that the SSD design
heresies (what's the best way to design an SSD system - given all the
permutations of memory, interface, software and controller IP) has - like a
rolling stone gathering up sticky new moss - inevitably drifted into the
memory systems design heresies.
On a note of
SSD jargon - re the
evolving change of use in
what's an SSD?
- for me - as everything involving memory systems design nowadays is intricately
linked to controller design and software and architecture - I still think the
term "SSD" covers it. Unless "memoryfication" catches on.
SSD has the vitue of being short. (Rob Peglar, President at Advanced Computation
and Storage LLC on seeing this
on linkedin - "I think you just invented a new word" - but
actually - due its convenience as a shortcut spanning a wide slice of memory
architecture trends - I've been
it since 2017.)
Going back to emerging differences of opinion re
memoryfication futures - my point is that whatever any particular manufacturer
may tell you about the overwhelming superiority of their own approach to memory
product design (and whether they're a fabless IP startup or a memory T-Rex)
the memory is still just a part of a data system - and in the rich memory sea we
now have - other design approaches to memory soup may do the same job just as
well. (This is exactly the same advice as the first bullet point - don't
believe everything SSD companies tell you about the past, present or future of
the SSD market - in my 2012 article -
SSDs - the Survive and Thrive Guide.)
A recent example is the
differences in the strategic outlook for memories between Intel (infatuated
with 3DXpoint) and Micron (still in love with DRAM) which have been aired
in public statements about policy, investment directions etc.
Dreams: Intel And Micron Diverge by analyst William Tidwell on
SeekingAlpha.com - examines the "stark differences between the two
companies". And among other things he says - "Intel has never ceased
aggressively hyping the technology... projectecting up to $8 billion in XP DIMM
revenue in 2021. Micron, on the other hand, has been almost completely silent,
revealing little other than its branding and its confidence that the new
memory has great potential." ... ...read
This evoked (on linkedin) a reaction by Sang-Yun
Lee the founder of BeSang
(a let's make memory chips better IP company) who asked on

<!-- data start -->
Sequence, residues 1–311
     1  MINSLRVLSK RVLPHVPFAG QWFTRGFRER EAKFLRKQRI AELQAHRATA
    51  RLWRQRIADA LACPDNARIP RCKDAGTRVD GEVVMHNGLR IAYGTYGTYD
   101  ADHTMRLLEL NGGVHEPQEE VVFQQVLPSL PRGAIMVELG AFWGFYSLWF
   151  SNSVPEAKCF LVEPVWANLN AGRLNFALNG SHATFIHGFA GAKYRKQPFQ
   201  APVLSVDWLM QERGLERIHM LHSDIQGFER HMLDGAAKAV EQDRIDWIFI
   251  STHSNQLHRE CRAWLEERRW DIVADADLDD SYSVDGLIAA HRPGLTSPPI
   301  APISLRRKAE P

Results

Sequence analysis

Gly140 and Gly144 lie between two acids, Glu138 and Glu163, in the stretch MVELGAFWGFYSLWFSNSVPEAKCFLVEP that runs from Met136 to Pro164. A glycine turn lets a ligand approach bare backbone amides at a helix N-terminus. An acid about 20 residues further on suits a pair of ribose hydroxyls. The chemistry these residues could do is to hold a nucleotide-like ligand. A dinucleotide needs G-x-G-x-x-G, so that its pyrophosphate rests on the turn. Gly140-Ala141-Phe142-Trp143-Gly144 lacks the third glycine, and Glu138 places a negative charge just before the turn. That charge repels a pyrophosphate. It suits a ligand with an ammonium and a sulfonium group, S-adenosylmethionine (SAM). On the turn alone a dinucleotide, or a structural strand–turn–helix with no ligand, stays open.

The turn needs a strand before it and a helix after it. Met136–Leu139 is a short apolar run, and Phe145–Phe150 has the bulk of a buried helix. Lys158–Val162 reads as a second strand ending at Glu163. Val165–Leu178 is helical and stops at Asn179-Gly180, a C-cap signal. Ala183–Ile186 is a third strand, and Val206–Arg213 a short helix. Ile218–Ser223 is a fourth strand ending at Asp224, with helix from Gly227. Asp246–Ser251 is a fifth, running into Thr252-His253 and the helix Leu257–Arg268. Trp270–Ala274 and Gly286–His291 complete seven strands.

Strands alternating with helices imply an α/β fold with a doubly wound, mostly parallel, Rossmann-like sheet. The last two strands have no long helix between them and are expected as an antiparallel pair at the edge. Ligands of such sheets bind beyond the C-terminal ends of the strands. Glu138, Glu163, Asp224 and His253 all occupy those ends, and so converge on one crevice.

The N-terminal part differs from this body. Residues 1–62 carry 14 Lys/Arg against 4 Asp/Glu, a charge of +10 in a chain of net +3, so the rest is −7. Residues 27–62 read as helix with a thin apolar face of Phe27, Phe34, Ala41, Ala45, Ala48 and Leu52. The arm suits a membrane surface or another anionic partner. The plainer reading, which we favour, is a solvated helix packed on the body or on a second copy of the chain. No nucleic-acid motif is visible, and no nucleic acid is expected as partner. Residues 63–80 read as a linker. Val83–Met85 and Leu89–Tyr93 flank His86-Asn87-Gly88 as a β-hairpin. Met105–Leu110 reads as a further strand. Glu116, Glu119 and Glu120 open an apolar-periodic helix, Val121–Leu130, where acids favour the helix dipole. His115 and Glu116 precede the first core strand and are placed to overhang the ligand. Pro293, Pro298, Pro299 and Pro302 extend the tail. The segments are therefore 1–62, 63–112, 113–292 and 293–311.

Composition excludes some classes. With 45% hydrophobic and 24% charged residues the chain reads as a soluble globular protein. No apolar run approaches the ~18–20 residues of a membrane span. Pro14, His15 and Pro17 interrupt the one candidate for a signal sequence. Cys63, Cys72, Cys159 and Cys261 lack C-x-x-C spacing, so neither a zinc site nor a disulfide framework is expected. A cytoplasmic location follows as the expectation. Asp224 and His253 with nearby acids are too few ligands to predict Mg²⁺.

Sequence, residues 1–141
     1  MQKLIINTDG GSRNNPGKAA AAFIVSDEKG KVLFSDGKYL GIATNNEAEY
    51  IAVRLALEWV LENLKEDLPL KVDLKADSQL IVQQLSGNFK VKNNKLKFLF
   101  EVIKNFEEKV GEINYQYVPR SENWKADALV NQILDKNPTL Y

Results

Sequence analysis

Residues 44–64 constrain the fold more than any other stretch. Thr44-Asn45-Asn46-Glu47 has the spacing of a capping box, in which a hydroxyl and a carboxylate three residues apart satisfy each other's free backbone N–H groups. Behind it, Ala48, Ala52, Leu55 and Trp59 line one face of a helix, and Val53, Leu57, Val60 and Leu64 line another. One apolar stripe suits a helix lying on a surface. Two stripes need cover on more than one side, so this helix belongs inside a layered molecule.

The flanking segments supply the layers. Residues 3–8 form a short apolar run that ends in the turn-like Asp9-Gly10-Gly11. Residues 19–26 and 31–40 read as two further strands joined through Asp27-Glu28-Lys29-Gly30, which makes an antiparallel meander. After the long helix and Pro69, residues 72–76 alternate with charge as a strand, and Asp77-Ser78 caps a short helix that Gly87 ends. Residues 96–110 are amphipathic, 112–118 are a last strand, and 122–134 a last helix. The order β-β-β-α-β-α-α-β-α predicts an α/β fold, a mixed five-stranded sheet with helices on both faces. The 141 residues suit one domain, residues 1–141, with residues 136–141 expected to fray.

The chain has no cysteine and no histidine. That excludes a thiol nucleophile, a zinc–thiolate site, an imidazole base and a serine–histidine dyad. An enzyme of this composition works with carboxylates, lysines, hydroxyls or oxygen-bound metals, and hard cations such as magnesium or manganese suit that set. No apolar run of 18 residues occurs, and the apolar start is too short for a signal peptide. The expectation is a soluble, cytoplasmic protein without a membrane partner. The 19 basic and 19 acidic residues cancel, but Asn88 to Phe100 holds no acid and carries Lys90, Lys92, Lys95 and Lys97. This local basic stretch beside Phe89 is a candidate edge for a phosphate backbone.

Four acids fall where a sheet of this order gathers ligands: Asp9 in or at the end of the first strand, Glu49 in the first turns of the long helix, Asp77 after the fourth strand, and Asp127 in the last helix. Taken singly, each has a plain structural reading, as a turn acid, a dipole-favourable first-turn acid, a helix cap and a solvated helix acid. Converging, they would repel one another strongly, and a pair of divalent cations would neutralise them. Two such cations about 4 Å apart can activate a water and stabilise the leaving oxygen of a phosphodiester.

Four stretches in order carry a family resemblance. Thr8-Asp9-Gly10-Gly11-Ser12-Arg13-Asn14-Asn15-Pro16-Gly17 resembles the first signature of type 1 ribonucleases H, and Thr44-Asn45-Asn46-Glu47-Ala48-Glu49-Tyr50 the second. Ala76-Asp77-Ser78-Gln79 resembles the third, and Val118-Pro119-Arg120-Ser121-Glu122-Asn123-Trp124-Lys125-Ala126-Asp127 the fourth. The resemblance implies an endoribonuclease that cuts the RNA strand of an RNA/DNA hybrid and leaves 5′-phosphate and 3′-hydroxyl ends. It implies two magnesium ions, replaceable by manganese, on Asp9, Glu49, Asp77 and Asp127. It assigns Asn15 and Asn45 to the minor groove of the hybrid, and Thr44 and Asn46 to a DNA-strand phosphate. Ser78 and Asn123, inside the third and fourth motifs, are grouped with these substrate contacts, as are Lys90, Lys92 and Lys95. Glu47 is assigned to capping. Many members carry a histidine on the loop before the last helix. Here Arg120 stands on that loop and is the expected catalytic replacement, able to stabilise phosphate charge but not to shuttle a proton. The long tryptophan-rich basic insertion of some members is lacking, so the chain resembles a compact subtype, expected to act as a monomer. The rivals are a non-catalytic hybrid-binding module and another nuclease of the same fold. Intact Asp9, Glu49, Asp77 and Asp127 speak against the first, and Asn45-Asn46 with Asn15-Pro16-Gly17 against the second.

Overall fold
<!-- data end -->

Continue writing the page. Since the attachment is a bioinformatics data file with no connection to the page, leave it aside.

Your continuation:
- "Why Intel is so obsessed with 3DXP?..."
I replied like
"Agreed that 3DXP doesnt deliver many benefits now. But it
could be used as an incubator technology which enables software developers to
explore new systems level optimisations which play around with closer
integration of processors and low latency big local memory having fewer caches.
defined software platforms will create big market opportunities as
significant as Wintel, Unix, http were before. The new software doesnt need to
be Intel memory based (could be done better today with other combinations of
memory). But 3DXP provides ISVs a convenient reference point which is good
enough to make such experiments easy to try. Intel needs just one of these
experiments to succeed to save its processor future.
Big gamble? -
sure. 3DXP is a honey trap for new software. Maybe not the best memory
technology today but the software industry can still remember how sweet Intels
past roadmaps used to taste.
That's despite Intel having been absent
at the conception or birth of the
enterprise PCIe SSD
accelerator market which was the first transformative step in the
memoryfication of the enterprise."
who d'you call
for the SSD crystal ball?,
why did we get
into such a mess with SSD software? (2012),
hostage to the
fortunes of SSD (2013),
SSD story - why's the plot so complicated? (2015)
|I love ratios as they have
always provided a simple way to communicate with readers the design choices in
products which tell a lot to other experts in that field. |
|re RATIOs in SSD architecture|
was the home page blog in June 2018)
more pages like
|new thinking in SSD controller techniques
reveals "layer aware" properties exploitable in 3D nand flash|
Editor:- June 30, 2018 - A new twist using
RAID ideas in
SSD controllers has
surfaced recently in a research paper -
3D NAND Flash Memory Lifetime by Tolerating Early Retention Loss and Process
Variation (pdf) by Yixin Luo and Saugata Ghose (Carnegie Mellon
University), Yu Cai (SK Hynix), Erich F. Haratsch (Seagate Technology) and
Onur Mutlu (ETH Zürich) - which was presented at the recent
June 18-22, 2018.
The authors say that in tall 3D nand (30 layers and upwards) the raw
error rate in blocks in the middle layers are significantly worse (6x) compared
to the top layer. Therefore to enable more
faster SSDs using 3D nand for enterprise applications they propose a new type
of RAID which pairs together the best predicted half of a RAID word with the
worst predicted half from another chip in the same SSD.
This new RAID
concept starts to be feasible in a very small population of chips - unlike
traditional 2D nand schemes which need more chips to be installed in the SSD.
new RAID is called Layer-Interleaved RAID (LI-RAID) - which the authors
say "improves reliability by changing how pages are grouped under the RAID
error recovery technique. LI-RAID uses information about layer-to-layer process
variation to reduce the likelihood that the RAID recovery of a group could fail
significantly earlier during the flash lifetime than the recovery of other
read the article (pdf)
Editor's comments:- the new RAID is
just one of many gems in this research paper. Others being the discovery that
remanence in 3D nand includes a significant short term charge loss (in the first
few minutes after writes), and also that an endurance based characterization of